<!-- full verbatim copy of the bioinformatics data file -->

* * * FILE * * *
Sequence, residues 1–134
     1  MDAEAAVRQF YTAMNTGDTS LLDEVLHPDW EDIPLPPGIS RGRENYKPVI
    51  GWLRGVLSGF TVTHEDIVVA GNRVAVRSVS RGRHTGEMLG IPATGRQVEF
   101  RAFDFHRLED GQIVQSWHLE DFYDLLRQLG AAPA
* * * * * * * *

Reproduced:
Sequence, residues 1–134
     1  MDAEAAVRQF YTAMNTGDTS LLDEVLHPDW EDIPLPPGIS RGRENYKPVI
    51  GWLRGVLSGF TVTHEDIVVA GNRVAVRSVS RGRHTGEMLG IPATGRQVEF
   101  RAFDFHRLED GQIVQSWHLE DFYDLLRQLG AAPA